This article contains content that is written like an advertisement. (July 2017) (Learn how and when to remove this template message)
This article is an autobiography or has been extensively edited by the subject or by someone connected to the subject. (July 2017) (Learn how and when to remove this template message)
This article may be in need of reorganization to comply with Wikipedia's layout guidelines. (August 2015) (Learn how and when to remove this template message)
This article includes a list of references, related reading or external links, but its sources remain unclear because it lacks inline citations. (May 2010) (Learn how and when to remove this template message)
Evert Bloemsma (1958–2005) was a Dutch type designer and graphic designer. In 1981 he graduated from the Hoogeschool voor de Kunsten (currently called ArtEZ) in Arnhem. He taught typography at the Breda academy AKV St. Joost and at ArtEZ.
During his time in Arnhem, Bloemsma became fascinated by 'Swiss typography' (which is also referred to as the International Typographic Style internationally and 'functionalist' in The Netherlands).
Because of this interest, it was no surprise that his first typeface was a sans serif. According to him, there was no place for serifs in the era of new technologies. However, his interest did not go to the typefaces that were characteristic of the International Typographic Style, Univers and Helvetica. Instead, he admired more non-conformist work of designers like Roger Excoffon, whose Antique Olive especially caught his eye. This typeface has two unusual features that Bloemsma also incorporated into his own typeface called Balance: it is heavy at the top – sturdier at the top than at the base – and it has an 'inverted stress', the horizontal strokes are heavier than the vertical strokes. This 'inverted stress' has the function of leading the eye along the lines of text, in a similar way as serifs do in serif typefaces. Bloemsma tried to sell the first version of Balance to several different type foundries, like Berthold, Linotype and Monotype.
In 1986 he digitized the typeface with Ikarus M, a software system developed by his then employer URW in Hamburg. In 1992, the PostScript version of the typeface was finished and published as part of the FontFont library (FSI FontShop International) as FF Balance.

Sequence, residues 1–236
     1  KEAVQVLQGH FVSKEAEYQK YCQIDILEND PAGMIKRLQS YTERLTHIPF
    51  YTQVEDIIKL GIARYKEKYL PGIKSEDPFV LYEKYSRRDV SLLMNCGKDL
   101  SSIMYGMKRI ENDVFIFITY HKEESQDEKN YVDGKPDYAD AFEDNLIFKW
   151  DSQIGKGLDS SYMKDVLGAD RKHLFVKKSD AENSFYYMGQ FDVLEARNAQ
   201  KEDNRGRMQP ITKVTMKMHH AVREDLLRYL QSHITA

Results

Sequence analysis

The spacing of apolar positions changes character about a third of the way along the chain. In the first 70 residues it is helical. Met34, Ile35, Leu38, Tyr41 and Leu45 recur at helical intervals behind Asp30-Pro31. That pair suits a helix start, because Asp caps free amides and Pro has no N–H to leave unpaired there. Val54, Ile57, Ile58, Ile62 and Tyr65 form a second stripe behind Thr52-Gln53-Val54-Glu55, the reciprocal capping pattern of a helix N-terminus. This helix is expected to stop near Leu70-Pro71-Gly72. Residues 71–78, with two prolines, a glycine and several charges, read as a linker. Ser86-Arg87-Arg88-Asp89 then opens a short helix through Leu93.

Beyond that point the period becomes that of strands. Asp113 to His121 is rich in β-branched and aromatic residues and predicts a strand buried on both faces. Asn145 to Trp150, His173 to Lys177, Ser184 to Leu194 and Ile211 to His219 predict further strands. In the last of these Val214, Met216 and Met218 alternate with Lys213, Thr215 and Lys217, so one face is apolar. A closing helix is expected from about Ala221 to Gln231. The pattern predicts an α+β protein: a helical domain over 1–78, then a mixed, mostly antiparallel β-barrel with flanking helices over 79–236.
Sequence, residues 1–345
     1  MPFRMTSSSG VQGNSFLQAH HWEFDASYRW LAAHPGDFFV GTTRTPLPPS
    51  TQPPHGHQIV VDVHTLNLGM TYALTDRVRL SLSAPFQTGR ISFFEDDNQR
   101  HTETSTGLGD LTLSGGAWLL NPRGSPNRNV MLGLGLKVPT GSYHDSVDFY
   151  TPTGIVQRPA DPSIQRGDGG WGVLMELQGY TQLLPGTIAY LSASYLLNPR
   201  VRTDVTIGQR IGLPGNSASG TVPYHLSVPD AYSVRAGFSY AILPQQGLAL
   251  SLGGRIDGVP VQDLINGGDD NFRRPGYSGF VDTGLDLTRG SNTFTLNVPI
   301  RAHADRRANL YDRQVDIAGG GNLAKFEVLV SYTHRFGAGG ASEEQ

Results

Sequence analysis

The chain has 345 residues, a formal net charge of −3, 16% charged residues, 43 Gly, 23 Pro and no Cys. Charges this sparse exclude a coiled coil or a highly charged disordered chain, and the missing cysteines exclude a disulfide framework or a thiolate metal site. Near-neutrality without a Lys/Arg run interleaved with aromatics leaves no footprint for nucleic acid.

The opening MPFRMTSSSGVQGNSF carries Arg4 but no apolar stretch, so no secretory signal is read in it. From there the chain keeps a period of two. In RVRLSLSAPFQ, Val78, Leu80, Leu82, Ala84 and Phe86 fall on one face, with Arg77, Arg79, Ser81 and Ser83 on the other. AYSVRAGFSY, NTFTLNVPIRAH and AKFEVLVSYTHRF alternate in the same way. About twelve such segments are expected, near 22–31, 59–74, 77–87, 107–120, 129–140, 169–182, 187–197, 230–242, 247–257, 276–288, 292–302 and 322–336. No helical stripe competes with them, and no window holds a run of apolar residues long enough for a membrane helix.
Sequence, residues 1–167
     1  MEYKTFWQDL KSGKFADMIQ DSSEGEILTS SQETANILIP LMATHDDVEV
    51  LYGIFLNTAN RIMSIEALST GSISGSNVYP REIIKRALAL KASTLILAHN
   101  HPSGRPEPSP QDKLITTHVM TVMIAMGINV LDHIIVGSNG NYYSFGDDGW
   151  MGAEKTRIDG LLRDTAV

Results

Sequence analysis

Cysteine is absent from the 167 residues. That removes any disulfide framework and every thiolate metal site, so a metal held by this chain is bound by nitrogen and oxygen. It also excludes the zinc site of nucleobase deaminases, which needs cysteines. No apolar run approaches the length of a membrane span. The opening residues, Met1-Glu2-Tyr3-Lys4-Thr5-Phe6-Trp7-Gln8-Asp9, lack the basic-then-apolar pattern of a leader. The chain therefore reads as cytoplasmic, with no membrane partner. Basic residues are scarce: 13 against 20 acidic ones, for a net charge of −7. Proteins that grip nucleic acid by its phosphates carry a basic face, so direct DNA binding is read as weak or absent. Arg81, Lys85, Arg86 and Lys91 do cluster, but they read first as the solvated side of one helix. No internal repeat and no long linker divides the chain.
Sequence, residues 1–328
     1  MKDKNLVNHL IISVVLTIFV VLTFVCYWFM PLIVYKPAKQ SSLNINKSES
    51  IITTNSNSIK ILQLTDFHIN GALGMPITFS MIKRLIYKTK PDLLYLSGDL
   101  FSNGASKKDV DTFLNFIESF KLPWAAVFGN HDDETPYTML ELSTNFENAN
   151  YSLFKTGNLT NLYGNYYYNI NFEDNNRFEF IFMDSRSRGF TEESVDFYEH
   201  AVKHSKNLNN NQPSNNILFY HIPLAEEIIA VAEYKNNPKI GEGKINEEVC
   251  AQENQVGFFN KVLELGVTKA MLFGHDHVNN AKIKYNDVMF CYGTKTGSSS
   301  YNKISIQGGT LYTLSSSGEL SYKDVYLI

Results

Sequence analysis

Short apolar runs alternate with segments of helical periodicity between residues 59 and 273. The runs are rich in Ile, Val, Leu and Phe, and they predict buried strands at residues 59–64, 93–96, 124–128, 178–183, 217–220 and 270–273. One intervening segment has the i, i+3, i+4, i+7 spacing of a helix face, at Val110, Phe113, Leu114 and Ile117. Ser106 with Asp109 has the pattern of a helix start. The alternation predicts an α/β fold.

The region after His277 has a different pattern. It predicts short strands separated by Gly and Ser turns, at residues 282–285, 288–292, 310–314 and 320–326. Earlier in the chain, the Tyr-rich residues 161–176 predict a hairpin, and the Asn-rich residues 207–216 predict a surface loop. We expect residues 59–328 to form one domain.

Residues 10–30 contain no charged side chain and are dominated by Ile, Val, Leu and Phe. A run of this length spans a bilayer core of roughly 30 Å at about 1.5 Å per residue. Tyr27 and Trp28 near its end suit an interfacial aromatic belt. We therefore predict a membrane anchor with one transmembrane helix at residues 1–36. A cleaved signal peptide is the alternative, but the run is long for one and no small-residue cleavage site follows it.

For his second typeface, FF Cocon, he set out to eliminate every trace of handwriting, as he saw that even Helvetica and Univers contain traces of writing in their stems and terminals. Bloemsma soon realised that removing these elements was more complicated than he expected, as the results often looked unconvincing and unnatural.
Finally, he allowed a calligraphic element into the typeface; he gave the terminals of the stems and extenders an asymmetric rounding. He thought that this treatment also had a practical function, similar to that of FF Balance's top-heavy letterforms; leading the eye forward along the line of text.
His third typeface, FF Avance, was quite a step for Bloemsma, as it was a serif typeface. He realised that serifs could help a typeface read more easily and thus enhance functionality. In this way, FF Avance was another effort into creating a typeface that leads the eye in a forward direction, this time realised by sturdy serifs that point to the left at the top, and to the right at the base of the characters.
His last typeface, FF Legato, is an examination of the traditional notion of diagonal contrast or stress, in this case removing the connection of writing with a broad-nib pen. In effect, Bloemsma made the shapes of the counters almost contradict the outside curves, resulting in more interesting and lively letterforms.
Balance and Legato consist both from curved forms – none of the lines are straight – which can be seen as a tribute to his teacher Jan Vermeulen, whose adage ‘a straight line is a dead line’ was a guideline for Bloemsma throughout his type design career.
- Jan Middendorp, Dutch Type, 010 Publishers, Rotterdam (2004)